Since we heartily recommend our method to anyone wanting to protect their plant life from four-legged animals without using harsh methods, the rest of this article will provide specific information about it.

Use livestock fencing

A 12- or 14-gauge field fencing works well. It is sturdy and holds up well. It can be cut readily with a wire cutter and is rigid but bendable. There are many kinds, heights, lengths, and hole sizes available. The twisted wire is cheaper and easier to work with than welded wire. My personal favorite is a three-foot-high, 12½ gauge, non-climb fencing that has 2" x 4" holes.

Wire fencing can be purchased at feed stores, hardware stores, and garden shops. The price depends upon the gauge, whether it is twisted or welded wire, the size, and the amount. A 330' roll of twisted wire field fencing with 2" x 6" holes at the bottom and 6" x 6" holes at the top sells, in my area, for $104. A 100' x 3' non-climb 12½ gauge fencing that has 2" x 4" holes sells for $85. I saw 50' x 3' of 14-gauge welded wire fencing for $23.

Save and reuse previously used wire fencing. There are no definite size requirements for the fencing. We often use whatever is on the scrap pile.

Cut into workable sizes

Get out the wire cutters, pliers, tape measure, and work gloves. Besides the fencing itself, that is all you will need to implement the method. "Workable size" means something that you can handle. This obviously varies from person to person and depends on the size of the area and the plant that is to be pro tected. You need to remember that you will have to be able to remove the fencing to work the soil. Don't worry about the size of the pieces if you are using scrap fencing. Just do the best you can with what you have. The wire can be overlapped lying on the ground or joined with a twist of the pliers if need be.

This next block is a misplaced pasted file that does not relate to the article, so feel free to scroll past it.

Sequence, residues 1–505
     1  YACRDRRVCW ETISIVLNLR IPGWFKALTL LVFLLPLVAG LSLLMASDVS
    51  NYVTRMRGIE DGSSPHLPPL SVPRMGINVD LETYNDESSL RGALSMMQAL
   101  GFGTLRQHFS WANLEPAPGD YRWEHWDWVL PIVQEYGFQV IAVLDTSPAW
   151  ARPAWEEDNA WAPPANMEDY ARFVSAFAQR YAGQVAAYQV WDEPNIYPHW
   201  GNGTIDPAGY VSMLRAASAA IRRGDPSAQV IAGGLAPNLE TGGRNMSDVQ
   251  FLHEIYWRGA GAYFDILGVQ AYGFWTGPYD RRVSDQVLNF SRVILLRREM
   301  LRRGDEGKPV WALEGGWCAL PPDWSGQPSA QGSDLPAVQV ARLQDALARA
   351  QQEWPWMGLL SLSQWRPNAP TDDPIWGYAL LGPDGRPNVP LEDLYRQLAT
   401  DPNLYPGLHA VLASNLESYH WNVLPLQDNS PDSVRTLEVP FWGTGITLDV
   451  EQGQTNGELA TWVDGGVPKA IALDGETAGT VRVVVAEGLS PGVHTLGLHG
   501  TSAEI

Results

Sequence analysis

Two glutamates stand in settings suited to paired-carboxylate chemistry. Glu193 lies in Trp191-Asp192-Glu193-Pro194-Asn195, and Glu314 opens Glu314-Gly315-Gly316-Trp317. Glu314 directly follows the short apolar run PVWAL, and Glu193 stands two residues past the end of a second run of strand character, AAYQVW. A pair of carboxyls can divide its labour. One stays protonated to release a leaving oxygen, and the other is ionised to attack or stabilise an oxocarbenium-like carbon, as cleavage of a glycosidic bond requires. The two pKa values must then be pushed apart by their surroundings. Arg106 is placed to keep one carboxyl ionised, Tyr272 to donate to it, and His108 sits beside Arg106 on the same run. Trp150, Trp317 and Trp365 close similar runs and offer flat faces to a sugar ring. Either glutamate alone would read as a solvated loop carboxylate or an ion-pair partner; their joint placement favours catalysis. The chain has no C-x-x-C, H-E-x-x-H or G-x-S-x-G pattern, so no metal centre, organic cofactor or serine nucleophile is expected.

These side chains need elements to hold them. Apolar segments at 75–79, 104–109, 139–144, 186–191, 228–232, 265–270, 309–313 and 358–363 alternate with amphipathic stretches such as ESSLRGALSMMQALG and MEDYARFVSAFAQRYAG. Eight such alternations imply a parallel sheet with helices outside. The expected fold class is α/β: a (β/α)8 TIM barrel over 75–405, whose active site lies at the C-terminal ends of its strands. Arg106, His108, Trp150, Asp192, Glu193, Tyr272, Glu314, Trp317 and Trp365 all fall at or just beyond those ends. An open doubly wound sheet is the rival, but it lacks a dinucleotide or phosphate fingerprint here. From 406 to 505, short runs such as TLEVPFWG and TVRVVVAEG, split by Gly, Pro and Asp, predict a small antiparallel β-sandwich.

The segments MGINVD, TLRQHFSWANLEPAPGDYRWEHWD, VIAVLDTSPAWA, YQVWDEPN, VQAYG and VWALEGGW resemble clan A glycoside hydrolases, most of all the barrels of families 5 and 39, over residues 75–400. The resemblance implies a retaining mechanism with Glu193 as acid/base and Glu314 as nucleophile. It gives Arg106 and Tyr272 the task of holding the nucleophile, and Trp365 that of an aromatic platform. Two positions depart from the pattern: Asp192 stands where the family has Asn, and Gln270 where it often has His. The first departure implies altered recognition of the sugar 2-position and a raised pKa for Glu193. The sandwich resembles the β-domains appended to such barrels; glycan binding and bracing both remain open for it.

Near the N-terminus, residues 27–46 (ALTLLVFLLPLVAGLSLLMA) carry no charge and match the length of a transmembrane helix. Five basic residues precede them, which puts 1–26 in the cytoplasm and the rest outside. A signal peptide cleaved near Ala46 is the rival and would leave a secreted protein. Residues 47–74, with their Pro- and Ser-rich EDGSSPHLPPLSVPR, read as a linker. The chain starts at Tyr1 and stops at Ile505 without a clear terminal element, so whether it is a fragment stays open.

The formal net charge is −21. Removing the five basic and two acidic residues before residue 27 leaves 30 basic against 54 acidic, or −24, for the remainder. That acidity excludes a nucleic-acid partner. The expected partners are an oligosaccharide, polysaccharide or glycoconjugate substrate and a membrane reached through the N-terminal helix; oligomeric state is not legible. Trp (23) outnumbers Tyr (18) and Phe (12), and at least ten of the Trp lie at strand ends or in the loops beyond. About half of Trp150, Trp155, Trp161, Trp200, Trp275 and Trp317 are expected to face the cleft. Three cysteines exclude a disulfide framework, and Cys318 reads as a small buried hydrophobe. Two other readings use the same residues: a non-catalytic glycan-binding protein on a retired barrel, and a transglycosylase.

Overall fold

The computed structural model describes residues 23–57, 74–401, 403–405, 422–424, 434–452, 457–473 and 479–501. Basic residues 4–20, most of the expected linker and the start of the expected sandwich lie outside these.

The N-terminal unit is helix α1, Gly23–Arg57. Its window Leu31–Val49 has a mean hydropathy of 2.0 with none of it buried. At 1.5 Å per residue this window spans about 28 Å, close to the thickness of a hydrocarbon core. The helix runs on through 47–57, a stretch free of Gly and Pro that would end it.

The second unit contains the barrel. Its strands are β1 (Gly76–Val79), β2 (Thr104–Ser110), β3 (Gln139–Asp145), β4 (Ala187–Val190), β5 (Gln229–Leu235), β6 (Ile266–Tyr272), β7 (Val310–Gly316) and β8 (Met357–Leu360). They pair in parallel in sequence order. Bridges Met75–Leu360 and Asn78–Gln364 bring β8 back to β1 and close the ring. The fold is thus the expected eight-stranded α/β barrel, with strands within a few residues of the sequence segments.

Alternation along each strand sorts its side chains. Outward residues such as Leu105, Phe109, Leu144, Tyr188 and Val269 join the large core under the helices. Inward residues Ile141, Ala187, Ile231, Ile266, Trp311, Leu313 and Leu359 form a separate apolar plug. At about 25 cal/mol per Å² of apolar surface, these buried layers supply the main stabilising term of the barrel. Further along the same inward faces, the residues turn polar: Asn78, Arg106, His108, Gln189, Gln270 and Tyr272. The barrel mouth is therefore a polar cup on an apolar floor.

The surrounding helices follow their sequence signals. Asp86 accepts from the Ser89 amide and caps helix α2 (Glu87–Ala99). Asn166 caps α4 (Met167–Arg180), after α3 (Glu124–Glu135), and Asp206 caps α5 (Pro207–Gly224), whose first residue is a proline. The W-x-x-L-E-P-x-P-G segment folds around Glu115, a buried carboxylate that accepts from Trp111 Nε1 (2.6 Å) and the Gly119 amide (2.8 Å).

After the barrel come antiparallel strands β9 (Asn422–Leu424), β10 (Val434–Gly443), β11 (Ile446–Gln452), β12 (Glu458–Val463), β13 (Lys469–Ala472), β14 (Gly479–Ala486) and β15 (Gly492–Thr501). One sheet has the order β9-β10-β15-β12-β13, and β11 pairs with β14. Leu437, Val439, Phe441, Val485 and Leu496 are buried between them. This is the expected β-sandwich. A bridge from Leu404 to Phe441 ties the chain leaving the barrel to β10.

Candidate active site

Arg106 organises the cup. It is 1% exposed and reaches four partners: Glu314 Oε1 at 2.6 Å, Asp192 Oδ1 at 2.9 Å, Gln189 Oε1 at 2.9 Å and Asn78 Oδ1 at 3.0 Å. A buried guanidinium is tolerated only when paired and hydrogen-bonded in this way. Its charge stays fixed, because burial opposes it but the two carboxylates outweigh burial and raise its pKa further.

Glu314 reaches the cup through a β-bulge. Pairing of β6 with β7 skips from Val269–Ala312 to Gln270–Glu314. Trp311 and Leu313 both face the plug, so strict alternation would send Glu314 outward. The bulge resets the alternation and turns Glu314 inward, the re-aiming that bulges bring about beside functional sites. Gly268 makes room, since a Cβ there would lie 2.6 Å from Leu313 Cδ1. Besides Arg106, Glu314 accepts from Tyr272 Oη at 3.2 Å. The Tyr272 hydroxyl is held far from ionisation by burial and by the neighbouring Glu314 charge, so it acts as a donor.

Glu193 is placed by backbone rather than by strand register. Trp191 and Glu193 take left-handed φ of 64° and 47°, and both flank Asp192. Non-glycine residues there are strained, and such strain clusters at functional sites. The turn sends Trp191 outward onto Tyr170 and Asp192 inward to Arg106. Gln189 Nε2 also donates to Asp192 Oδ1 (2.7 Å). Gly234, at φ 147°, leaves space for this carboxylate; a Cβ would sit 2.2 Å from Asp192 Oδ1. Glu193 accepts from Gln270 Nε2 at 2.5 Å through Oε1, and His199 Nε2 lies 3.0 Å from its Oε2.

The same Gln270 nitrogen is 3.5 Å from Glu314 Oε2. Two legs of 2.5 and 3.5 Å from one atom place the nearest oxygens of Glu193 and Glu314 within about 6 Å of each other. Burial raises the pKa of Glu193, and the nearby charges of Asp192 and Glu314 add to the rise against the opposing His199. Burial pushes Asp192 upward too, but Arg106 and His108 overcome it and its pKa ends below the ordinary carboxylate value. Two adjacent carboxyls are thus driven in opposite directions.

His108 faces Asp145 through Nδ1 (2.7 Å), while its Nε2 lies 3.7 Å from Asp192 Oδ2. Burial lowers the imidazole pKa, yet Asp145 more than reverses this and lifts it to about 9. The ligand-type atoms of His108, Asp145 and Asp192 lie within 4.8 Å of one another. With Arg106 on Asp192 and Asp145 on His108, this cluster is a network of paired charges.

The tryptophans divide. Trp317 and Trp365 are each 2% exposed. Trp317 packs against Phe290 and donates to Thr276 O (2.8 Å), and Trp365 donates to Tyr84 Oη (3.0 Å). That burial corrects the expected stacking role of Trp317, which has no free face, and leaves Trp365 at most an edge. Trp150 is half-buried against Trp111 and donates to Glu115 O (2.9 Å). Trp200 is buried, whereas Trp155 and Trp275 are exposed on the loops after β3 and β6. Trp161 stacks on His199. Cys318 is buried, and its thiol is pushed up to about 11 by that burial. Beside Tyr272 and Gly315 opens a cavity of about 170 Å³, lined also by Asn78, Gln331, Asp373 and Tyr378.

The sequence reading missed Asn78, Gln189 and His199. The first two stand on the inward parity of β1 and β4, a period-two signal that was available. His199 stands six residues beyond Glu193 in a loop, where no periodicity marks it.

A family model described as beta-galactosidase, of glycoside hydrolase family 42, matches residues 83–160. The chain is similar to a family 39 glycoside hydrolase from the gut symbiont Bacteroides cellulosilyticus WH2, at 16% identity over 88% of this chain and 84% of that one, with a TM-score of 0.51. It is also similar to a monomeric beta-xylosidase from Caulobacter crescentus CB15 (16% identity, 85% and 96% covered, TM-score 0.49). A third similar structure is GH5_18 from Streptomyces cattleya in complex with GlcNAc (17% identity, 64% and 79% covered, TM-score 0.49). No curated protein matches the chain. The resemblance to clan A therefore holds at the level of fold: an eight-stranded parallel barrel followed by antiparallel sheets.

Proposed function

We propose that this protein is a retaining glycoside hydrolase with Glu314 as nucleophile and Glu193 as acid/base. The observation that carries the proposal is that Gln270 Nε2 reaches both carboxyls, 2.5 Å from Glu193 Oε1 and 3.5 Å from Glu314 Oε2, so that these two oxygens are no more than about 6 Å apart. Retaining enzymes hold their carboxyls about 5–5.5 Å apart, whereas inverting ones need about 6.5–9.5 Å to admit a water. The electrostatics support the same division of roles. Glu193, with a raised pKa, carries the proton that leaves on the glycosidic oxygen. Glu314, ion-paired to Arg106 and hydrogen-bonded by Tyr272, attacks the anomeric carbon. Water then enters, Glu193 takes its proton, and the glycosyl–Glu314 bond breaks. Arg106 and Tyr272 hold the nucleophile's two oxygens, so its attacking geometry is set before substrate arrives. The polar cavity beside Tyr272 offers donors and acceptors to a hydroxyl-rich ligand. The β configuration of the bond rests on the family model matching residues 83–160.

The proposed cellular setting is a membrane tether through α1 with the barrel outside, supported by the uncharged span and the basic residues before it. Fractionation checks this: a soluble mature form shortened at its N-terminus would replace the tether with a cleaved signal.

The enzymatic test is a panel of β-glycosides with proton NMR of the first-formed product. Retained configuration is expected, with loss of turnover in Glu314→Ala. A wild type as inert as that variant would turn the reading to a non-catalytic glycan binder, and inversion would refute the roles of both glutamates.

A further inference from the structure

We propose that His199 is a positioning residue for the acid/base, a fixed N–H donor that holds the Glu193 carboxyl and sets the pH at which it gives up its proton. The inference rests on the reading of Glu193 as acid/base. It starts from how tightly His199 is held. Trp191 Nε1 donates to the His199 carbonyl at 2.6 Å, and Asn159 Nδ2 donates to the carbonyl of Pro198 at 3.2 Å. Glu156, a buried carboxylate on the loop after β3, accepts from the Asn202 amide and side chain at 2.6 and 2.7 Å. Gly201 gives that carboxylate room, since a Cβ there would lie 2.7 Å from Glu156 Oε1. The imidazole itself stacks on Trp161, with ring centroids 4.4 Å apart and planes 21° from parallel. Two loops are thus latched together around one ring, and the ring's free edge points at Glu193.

For garden areas:

Sections of fencing can be laid right over small plantsSections of fencing can be laid right over small plants

Roughly measure the area. If the fencing can be cut in one piece, great. If not, cut the fencing into the largest sections possible that will cover the area. However, the pieces should not be so large that you cannot handle them comfortably. Arranging the fencing is discussed below.

For trees and shrubs:

Cut two pieces of fencing, each about 6' x 3'. It is better to use two pieces rather than one, because it is easier to remove. However, we have sometimes placed one smaller piece of fencing over a newly-planted bare root tree. The wire can always be cut later.

Placing fencing over bare or just-seeded soil is easy. Just lay it down and bend over the ends, poking them into the soil

Care needs to be taken so as not to damage plants when placing the fencing over trees, shrubs, or growing vegetables and flowers. Some cutting will be required to make the fencing fit over or around them. At any cut, poke the wire ends into the ground to secure it and to make it safer for you. Overlap fencing as needed for coverage.

Most watering, fertilizing, spraying, and weed control can be done with the wire in place. After all, people wearing shoes can walk on the wire.

When major work needs to be done, such as harvesting, tilling, or planting, simply lift the wire fencing from the ground and replace it when you are finished working. If you originally cut the wire into sizes that you can handle, removing and then replacing it is very easy to do.

We have been pleased with the results of this method at our house. We hope you will be, too.